|Ambassador of Argentina to Spain|
8 March 2016 – 10 December 2019
|Nominated by||Mauricio Macri|
|Preceded by||Carlos Bettini|
|Succeeded by||Ricardo Alfonsín|
10 December 2009 – 10 December 2013
10 December 1999 – 9 December 2001
10 December 1987 – 10 December 1991
|Acting President of Argentina|
21 December 2001 – 23 December 2001
|Preceded by||Fernando de la Rúa|
|Succeeded by||Adolfo Rodríguez Saá (interim)|
|Provisional President of the Senate|
10 December 2001 – 30 December 2001
|Preceded by||Mario Losada|
|Succeeded by||Juan Carlos Maqueda|
10 December 2001 – 10 December 2005
|Governor of Misiones|
10 December 1991 – 9 December 1999
|Vice Governor||Miguel Ángel Alterach (1991–1995)|
Julio Alberto Ifrán (1995–1999)
|Preceded by||Julio César Humada|
|Succeeded by||Carlos Rovira|
|Born||September 9, 1951|
|Political party||Justicialist Party|
|Profession||Pontifical Catholic University of Argentina|
Federico Ramón Puerta (Spanish pronunciation: [raˈmom ˈpweɾta] ⓘ; born 9 September 1951) is an Argentine Peronist politician who has served as a governor, national senator and deputy and briefly as President of Argentina in 2001.
Puerta was born in Apóstoles, Misiones Province. He attended the Universidad Católica Argentina in Buenos Aires and qualified as a civil engineer. However, he entered the family business of the cultivation of yerba maté, and became a successful businessman and millionaire.
Puerta was elected a national deputy for Misiones in 1987. In 1991 he was elected Governor of Misiones Province, re-elected in 1995 and served until 1999. He followed the neo-liberal economic model of President Carlos Menem, including privatising the provincial bank of which his own grandfather had been a founder.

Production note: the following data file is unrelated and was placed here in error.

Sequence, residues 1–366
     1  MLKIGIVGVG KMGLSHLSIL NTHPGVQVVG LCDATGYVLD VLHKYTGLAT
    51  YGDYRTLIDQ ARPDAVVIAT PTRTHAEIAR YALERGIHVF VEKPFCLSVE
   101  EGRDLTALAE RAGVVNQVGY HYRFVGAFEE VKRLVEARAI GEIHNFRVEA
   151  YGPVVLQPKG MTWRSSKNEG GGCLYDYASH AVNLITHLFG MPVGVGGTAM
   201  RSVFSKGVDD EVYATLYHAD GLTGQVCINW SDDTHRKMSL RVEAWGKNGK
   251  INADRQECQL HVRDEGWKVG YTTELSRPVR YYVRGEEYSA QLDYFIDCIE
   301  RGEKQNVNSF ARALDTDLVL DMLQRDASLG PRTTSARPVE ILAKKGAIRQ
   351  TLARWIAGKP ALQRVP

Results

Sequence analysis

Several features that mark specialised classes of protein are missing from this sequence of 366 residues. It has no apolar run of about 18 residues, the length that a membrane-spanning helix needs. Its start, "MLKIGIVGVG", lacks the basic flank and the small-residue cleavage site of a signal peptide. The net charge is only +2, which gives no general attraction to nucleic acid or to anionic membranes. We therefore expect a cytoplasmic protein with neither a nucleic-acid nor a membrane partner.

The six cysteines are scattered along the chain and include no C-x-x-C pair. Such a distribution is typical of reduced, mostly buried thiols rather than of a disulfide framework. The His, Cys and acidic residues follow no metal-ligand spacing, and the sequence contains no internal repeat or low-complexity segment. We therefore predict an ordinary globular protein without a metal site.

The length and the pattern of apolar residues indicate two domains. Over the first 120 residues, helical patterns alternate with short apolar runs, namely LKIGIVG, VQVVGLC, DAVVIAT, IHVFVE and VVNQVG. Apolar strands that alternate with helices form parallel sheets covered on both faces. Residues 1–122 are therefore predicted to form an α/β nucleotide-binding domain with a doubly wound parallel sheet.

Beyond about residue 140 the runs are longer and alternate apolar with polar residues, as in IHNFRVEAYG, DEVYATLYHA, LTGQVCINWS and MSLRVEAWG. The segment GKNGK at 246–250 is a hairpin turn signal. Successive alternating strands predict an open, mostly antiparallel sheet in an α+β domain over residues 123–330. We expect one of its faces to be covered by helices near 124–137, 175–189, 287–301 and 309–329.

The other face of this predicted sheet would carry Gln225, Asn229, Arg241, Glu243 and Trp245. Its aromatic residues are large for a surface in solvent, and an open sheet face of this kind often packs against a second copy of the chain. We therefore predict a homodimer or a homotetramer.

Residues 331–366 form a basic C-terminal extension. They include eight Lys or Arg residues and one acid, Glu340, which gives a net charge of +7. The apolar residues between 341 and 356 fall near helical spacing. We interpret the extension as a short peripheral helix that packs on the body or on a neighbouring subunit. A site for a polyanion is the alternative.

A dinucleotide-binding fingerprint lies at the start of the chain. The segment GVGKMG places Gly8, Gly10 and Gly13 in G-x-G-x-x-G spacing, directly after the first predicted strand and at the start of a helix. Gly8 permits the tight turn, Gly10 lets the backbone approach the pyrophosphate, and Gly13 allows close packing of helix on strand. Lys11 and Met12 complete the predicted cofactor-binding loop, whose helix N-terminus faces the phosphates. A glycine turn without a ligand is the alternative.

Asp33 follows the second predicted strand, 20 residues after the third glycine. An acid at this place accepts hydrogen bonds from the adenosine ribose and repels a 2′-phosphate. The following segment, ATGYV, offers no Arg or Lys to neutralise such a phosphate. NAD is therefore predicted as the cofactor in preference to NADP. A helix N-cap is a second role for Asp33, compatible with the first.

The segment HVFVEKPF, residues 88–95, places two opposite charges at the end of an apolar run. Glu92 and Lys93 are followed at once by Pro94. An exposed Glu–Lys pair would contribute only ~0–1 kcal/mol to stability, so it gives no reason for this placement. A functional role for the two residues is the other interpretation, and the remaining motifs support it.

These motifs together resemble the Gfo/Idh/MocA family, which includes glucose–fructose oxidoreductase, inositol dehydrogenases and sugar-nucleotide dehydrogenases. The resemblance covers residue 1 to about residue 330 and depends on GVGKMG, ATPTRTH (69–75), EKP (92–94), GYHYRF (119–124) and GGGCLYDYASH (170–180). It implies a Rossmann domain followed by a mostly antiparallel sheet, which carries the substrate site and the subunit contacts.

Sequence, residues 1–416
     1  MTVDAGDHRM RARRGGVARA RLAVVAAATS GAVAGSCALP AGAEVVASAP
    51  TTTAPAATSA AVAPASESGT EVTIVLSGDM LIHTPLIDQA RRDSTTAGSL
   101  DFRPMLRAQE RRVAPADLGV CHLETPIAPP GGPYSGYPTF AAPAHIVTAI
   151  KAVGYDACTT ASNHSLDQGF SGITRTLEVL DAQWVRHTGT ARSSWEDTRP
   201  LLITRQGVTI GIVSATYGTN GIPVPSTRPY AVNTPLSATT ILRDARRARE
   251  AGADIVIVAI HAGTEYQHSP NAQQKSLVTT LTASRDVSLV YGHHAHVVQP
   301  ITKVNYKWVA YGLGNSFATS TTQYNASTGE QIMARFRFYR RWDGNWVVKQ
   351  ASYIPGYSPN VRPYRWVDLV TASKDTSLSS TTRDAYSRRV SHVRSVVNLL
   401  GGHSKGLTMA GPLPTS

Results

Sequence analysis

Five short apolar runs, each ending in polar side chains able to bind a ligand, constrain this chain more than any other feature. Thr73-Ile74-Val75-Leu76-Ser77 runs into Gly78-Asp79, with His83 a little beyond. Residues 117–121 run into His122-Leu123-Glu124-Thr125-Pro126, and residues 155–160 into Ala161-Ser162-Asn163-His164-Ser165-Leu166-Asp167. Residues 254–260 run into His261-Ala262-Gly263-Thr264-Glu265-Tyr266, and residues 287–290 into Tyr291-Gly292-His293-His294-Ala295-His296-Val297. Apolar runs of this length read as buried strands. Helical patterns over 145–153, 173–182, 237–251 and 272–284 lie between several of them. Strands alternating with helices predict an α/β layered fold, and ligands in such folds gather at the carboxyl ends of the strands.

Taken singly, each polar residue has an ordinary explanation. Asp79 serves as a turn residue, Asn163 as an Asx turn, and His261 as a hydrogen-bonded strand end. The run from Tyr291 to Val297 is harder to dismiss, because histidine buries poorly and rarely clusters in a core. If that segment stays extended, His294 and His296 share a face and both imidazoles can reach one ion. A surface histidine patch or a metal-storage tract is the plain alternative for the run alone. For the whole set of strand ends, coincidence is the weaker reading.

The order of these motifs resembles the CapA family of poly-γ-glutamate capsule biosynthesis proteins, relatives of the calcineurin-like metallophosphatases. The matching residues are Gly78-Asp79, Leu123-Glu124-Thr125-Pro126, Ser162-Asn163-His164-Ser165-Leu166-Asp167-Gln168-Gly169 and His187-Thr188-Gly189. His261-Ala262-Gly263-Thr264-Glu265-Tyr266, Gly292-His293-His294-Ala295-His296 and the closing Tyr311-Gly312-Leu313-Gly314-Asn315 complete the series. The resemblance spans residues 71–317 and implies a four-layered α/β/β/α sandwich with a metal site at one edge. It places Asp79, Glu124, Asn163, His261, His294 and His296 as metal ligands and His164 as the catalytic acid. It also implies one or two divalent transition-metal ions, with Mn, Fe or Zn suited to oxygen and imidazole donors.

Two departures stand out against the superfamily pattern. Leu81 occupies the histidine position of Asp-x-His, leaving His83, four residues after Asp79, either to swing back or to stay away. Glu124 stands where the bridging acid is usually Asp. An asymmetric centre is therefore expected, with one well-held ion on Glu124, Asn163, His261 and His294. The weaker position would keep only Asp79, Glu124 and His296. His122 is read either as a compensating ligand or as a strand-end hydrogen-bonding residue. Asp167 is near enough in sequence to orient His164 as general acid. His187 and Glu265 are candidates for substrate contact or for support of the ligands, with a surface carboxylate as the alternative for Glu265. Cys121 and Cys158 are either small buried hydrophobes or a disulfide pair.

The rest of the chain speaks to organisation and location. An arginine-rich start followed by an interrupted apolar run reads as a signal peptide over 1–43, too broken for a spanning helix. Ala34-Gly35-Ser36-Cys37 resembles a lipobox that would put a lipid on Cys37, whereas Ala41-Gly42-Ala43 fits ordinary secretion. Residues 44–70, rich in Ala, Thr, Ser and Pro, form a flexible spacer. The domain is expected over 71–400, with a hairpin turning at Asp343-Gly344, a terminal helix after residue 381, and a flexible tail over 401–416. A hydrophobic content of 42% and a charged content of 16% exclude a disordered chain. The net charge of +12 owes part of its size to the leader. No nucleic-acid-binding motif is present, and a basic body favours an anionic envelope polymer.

In 1999 he was re-elected to the Chamber of Deputies and in 2001 he was elected to the Senate. In November of that year, he was elected provisory president of the Argentine Senate, constitutionally third in line to the nation's presidency.
Puerta served as the acting head of the executive branch of the country for two days on December 21–22, 2001. He came to that position in his capacity as President Pro Tempore of the Senate and, as there was no vice president, he was next in line to the nation's highest office when President Fernando de la Rúa resigned amid rioting. A week after giving up the presidency, Puerta resigned as leader of the Senate in order to avoid retaking the presidency, following a second institutional crisis.
Puerta stood to be Governor of Misiones in 2003, but lost to his successor, Carlos Rovira. He retired from the Senate in 2005. He ran for governor of Misiones again in 2007, and was defeated in the October election, coming in third place with 15% of the vote.
Puerta is unmarried and has two children.
- "Argentina 'to cancel' elections". BBC. December 31, 2001. Retrieved September 18, 2015.